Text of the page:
Sunday, August 14, 2011

Sinclair Dinoland: NY World's Fair ('64-65)

Teaching my kid about dinosaurs recently reminded me of this 1960's Sinclair booklet I have which shows us, through the use of really great painted art and design, the connection that prehistoric monsters played with modern day crude oil refinery. Dinoland itself appeared to have been a highly detailed, outdoor, walk-thru exhibit constructed by Sinclair (aka "A Great Name in Oil") to help educate and promote their company at the New York World's Fair in 1964-65, with reenactments of full-scale dinosaurs in their natural habits. (FYI: google search "Sinclair Dinoland" to see many great photos taken at the fair itself.)



Mr. Cavin said...

You know, I was going to snark a little bit about the snazzy planning image that shows the whole park: were they actually so optimistic about this place they really thought people were going to flock to a two-hundred-yard sun-blasted pathway decorated with nine dinosaur sculptures? Don't get me wrong, I'd totally go--I love giant cement dinos and kitsch and the fifties. But the general public? Why would they want to go? Then I happened to actually click the Google image search link you provided and there was evidence of just that. People were totally mobbing the place in nearly every single frame. Even though there weren't even any minigolf greens or anything. I feel like I owe either people or dinosaurs an apology now. Like I underestimated them.

Also, I totally dig that this is maybe the first dinosaurorama I have ever seen that didn't include one of the statues (like the T-Rex, for example) snacking on one of the other statues (say, the duck-billed guy). I have a theory that, while all dinosaurs are understood to be extinct, there are a couple kinds that are always presented more dead than the others. I've seen museum displays where poor iguanodon is being eaten by the mere skeleton of an allosaurus. Man. It doesn't get much deader than that. But these things never happen in Dinoland, it seems, where the refreshing and peaceful coexistence of radically different dino types seems to avoid the standard clichés.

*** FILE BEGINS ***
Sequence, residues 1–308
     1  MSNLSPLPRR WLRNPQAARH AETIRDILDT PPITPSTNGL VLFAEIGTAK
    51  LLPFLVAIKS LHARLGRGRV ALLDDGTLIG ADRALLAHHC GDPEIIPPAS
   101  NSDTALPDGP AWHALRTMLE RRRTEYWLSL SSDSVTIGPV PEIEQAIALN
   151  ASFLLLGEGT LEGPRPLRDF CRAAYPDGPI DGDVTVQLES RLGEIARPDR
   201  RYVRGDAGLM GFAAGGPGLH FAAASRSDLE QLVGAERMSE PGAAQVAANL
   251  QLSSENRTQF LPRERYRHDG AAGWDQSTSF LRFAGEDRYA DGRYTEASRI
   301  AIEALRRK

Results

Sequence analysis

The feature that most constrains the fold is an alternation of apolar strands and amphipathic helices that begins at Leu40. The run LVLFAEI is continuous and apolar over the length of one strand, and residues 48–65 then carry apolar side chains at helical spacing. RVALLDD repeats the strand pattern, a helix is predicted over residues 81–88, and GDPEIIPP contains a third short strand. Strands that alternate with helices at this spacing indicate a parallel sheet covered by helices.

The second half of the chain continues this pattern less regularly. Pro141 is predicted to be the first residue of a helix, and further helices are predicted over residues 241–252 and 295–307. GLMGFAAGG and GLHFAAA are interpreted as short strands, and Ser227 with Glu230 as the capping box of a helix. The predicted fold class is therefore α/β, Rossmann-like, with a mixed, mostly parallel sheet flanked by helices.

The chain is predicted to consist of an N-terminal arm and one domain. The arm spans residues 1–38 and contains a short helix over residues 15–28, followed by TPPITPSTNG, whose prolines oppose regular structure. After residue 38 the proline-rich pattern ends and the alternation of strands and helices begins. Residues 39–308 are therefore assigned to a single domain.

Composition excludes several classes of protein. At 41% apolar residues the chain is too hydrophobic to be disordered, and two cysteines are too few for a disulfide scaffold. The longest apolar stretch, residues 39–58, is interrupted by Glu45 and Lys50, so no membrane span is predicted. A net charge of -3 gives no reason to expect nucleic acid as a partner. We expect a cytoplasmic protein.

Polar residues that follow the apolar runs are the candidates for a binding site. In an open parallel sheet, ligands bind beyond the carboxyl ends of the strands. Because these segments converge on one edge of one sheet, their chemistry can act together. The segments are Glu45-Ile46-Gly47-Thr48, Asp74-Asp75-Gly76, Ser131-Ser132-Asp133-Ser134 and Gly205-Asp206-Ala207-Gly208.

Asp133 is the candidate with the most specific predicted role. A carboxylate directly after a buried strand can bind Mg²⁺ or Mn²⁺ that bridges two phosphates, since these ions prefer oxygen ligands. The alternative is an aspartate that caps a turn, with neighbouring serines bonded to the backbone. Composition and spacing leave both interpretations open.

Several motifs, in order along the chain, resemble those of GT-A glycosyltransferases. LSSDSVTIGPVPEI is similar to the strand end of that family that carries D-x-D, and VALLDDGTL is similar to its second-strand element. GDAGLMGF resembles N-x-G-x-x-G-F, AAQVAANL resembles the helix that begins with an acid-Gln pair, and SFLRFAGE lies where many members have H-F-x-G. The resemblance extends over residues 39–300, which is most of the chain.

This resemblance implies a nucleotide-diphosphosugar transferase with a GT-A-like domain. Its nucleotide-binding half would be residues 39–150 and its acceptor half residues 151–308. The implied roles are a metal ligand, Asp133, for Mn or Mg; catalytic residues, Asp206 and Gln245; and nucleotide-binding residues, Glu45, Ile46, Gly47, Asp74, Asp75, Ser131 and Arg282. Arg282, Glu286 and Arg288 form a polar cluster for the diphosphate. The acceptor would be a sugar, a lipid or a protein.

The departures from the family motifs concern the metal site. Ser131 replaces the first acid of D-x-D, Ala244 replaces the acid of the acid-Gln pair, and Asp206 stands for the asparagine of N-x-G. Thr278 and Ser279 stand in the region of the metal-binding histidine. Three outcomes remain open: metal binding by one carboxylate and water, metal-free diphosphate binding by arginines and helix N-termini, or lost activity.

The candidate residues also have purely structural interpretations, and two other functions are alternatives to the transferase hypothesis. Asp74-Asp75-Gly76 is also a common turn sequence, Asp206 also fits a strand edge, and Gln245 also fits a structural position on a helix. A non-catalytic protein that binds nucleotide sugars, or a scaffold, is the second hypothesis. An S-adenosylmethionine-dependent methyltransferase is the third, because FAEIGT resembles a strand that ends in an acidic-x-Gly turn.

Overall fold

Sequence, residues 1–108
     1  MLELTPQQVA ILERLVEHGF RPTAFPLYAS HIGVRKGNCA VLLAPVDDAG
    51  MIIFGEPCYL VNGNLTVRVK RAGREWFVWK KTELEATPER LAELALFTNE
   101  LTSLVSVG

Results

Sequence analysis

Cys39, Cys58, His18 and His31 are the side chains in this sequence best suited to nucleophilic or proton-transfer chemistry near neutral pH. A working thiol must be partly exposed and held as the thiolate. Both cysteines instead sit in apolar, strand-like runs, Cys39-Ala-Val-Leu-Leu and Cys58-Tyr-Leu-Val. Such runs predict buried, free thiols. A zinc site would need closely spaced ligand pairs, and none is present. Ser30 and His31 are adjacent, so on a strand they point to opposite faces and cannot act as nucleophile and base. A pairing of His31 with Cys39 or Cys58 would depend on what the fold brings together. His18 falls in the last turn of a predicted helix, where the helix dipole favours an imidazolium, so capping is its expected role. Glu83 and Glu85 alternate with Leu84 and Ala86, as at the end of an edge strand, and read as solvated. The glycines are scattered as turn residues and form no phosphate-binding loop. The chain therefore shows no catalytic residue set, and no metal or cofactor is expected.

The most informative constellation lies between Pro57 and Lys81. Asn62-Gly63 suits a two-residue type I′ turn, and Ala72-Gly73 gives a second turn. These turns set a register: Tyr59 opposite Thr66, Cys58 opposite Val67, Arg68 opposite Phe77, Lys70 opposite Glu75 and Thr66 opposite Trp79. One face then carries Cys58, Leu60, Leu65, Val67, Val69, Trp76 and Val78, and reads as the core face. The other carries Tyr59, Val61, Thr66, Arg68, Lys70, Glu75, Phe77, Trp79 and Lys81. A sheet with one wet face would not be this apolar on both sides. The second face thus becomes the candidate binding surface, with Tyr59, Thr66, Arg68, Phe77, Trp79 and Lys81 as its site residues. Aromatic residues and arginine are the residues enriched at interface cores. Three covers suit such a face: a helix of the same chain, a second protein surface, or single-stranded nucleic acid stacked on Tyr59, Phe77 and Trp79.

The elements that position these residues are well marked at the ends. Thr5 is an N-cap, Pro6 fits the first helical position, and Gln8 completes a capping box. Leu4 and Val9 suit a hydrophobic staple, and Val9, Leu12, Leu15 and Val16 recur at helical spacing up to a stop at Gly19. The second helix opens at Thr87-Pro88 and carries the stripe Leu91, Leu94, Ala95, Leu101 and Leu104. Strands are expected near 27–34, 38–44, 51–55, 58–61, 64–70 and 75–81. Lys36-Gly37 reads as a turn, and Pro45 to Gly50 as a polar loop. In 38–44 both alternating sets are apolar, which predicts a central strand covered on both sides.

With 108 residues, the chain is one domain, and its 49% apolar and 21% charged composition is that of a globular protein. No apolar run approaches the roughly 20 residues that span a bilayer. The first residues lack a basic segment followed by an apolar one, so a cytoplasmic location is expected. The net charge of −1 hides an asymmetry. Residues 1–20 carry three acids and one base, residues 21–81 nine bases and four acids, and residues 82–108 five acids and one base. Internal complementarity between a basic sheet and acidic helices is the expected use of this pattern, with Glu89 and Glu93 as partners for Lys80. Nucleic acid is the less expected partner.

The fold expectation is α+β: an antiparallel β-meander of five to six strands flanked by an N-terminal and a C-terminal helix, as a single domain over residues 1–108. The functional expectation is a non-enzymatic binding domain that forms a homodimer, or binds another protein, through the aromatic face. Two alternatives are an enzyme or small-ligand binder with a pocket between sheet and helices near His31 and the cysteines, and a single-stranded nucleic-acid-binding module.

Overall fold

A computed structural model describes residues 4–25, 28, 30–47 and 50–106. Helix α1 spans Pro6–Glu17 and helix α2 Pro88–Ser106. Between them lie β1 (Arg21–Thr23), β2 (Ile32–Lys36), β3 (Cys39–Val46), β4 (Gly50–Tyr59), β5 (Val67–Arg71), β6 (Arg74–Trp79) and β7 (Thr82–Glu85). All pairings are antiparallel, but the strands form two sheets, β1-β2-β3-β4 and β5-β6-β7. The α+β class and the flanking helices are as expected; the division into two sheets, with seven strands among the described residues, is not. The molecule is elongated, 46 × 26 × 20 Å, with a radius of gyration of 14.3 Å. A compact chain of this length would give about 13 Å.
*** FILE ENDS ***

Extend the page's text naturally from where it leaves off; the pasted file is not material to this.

Mykal Banta said...

Boy this brings back memories. My dad bought me a big, green inflatable Sinclair dinosaur when I was a kid.

Jeez, I remember going to a gas station back in the early sixties - my dad drove up to the pump, and everyone remained in the car. A guy came out, dressed in a uniform, and filled your tank, washed your windows, checked the oil - and then brought you the change. Hell, you could buy stuff like glassware and Christmas albums at the gas station!

Now I watch old ladies have to get out of their car and pump their own gas for $5.00 a gallon. Everything blows now.

Chris Smigliano said...

I actually remember this exhibit when I was a kid. Apparaently nthey took it on tour because it was appearing at Northshore Shopping Center in Peabody, MA.We even took home a number of plastic dinosaur figurines they were giving away at the exhibit. We played with those for years.

bzak said...


I had one of those big, green inflatable dinosaurs as well. I remember taking it to a rival gas station behind the house to inflate it at the air hose and people there were laughing at me for this faux pas.

Dinosaurs and bats rule!

Brian Riedel

Mr. Karswell said...

I grew up with Sinclair stations all around STL county, and had my own fair share of plastic and inflatable bronto toys. Funny story, the yearly senior prank thing at my school was for some jokester to swipe the big green brntosaurus in front of the station and park it on the school steps on the last day of school. This happened a few years in a row until the station finally wised up and secured the thing to a giant concrete block.

Thanks for the commments, I especially like when we get one from someone that actually went to something like the World's Fair too!

KL from NYC said...

I lived nearby in Queens at that time. I remember there was a coin-operated machine to make your own plastic dinosaur (of course Sinclair also had financial interests in injection-molded plastics at the time).

You know that anything "World's Fair" in half-decent shape goes for big bucks nowadays, right?